Laravel for Beginners: Error Handling

Arlind Musliu Portrait

Arlind Musliu

January 17, 2024 · 4 min read

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Every developer knows that encountering errors is an inevitable part of building an application. However, how you handle these errors can make a significant difference in the user experience. In Laravel, error handling is built to be simple yet robust, providing you with tools to manage exceptions gracefully.

Understanding Laravel's Error Handling

Laravel comes equipped with a built-in error-handling mechanism that automatically logs errors and displays them in a user-friendly manner. The core of this system is the Exception class, which Laravel uses to handle exceptions throughout your application.

When an error occurs, Laravel generates an exception, which is then handled by the Handler class located in app/Exceptions/Handler.php. This class contains two methods: report and render.

The Report Method

The report method is used to log exceptions or send them to an external service like Sentry. By default, Laravel logs errors in the storage/logs directory. If you need to customize the logging behavior, you can modify this method.

The Render Method

The render method is responsible for converting exceptions into HTTP responses that are sent back to the browser. Laravel includes a set of predefined exceptions that result in the corresponding HTTP status codes, such as NotFoundHttpException for 404 errors.

Customizing Error Pages

Laravel allows you to easily customize error pages for different HTTP status codes. For example, if you want to create a custom 404 Not Found page, you can create a 404.blade.php file in the resources/views/errors directory.

@extends('layouts.app')

@section('title', 'Page Not Found')

@section('content')
    <h1>Oops! The page you are looking for can't be found.</h1>
    <p>Return to the <a href="{{ url('/') }}">homepage</a>.</p>
@endsection

With this custom view, users will see a friendly error message instead of the default error page when they try to access a non-existent route on your blog.

Handling Form Validation Errors

Laravel makes handling form validation errors straightforward. When using form requests, as discussed in a previous article, Laravel automatically redirects the user back to the form with error messages if the validation fails.

In your Blade templates, you can display these errors using the $errors variable provided by Laravel:

@if ($errors->any())
    <div>
        <ul>
            @foreach ($errors->all() as $error)
                <li>{{ $error }}</li>
            @endforeach
        </ul>
    </div>
@endif

Logging Exceptions in the Controller

In addition to displaying errors, you may want to log them for debugging purposes. Laravel allows you to configure logging channels in config/logging.php. You can log errors to files, the system error log, external services, and more.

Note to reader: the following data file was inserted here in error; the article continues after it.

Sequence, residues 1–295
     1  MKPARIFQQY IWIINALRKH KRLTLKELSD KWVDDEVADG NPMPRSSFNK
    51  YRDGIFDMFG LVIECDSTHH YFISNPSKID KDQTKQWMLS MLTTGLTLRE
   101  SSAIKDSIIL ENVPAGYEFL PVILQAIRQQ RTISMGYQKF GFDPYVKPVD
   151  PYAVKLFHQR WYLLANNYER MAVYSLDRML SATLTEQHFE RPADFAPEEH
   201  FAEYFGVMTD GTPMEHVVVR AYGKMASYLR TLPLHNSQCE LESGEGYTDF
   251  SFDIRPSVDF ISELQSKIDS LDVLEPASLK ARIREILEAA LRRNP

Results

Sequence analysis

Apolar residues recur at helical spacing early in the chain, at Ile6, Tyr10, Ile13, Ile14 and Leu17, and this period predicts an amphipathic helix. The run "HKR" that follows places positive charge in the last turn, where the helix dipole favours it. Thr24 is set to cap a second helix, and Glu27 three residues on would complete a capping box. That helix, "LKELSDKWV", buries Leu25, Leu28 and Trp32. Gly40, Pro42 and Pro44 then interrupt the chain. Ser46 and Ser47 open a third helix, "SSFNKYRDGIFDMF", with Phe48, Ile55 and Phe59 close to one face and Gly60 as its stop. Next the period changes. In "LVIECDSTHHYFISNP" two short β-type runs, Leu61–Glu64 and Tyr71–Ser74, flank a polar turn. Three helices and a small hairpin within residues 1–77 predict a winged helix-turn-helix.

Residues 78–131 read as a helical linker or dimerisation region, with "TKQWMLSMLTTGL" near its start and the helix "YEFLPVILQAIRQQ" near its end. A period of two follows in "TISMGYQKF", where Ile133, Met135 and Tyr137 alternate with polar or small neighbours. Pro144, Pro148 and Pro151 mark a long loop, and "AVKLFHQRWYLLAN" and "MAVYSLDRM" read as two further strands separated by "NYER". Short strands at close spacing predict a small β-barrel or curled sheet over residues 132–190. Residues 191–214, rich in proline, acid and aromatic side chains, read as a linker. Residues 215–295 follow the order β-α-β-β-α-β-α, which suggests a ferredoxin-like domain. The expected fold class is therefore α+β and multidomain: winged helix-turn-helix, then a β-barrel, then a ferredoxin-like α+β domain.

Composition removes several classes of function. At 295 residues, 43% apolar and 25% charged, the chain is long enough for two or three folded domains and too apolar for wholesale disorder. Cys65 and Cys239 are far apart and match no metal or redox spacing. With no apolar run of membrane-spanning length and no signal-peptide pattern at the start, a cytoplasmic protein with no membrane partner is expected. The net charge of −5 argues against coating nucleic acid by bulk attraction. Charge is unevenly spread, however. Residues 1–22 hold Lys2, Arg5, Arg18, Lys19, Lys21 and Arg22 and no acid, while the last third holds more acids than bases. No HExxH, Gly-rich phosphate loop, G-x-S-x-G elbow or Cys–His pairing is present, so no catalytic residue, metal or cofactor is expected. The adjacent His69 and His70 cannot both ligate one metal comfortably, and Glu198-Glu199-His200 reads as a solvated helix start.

Within your PostController, you might encounter situations where you need to log an error, for instance, when an exception occurs during the creation or updating of a blog post. Laravel provides a simple way to log errors through the Log facade.

Here's an example of how you could log an error in the store method of the PostController:

<?php

namespace App\Http\Controllers;

use App\Http\Requests\StorePostRequest;
use App\Models\Post;
use Illuminate\Support\Facades\Log;

class PostController extends Controller
{
    public function store(StorePostRequest $request)
    {
        try {
            $validatedData = $request->validated();
            
            $post = Post::create($validatedData);
            
            // other stuff
            
            // Redirect to the new post with a success message
            return redirect()->route('posts.show', $post)
							 ->with('success', 'Post created successfully!');
        } catch (\Exception $e) {
            
			// Log the error
            Log::error('Post creation failed', [
                'error' => $e->getMessage(),
                'user_id' => $request->user()->id,
            ]);

            // Redirect back with an error message
            return back()->withInput()
						 ->withErrors(['msg' => 'Post creation failed']);
        }
    }
}

In this example, we wrap our post-creation logic in a try-catch block. If an exception occurs while attempting to create a new post, we catch it and use the Log facade to record the error. The Log::error method takes two parameters: the error message and an array of contextual data that can help with debugging.

The contextual data array includes the exception message and any other relevant information, such as the user's ID. This data is beneficial when reviewing the logs, as it provides more insight into what might have caused the error.

After logging the error, we redirect the user back to the previous page with the input data they provided (back()->withInput()) and include an error message to inform them that the post creation failed.

Remember to import the Log facade at the top of your controller file.

Conclusion

Effective error handling is a vital part of any web application, and Laravel provides you with the tools to do it well. From logging exceptions to displaying user-friendly error pages, Laravel's error-handling system is both powerful and flexible.

Upcoming Articles in the Series

  1. Laravel for Beginners: Using Queues

  2. Laravel for Beginners: Sending Emails

  3. Laravel for Beginners: Localization and Languages


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Arlind Musliu Portrait
Arlind Musliu

Cofounder and CFO of Lucky Media

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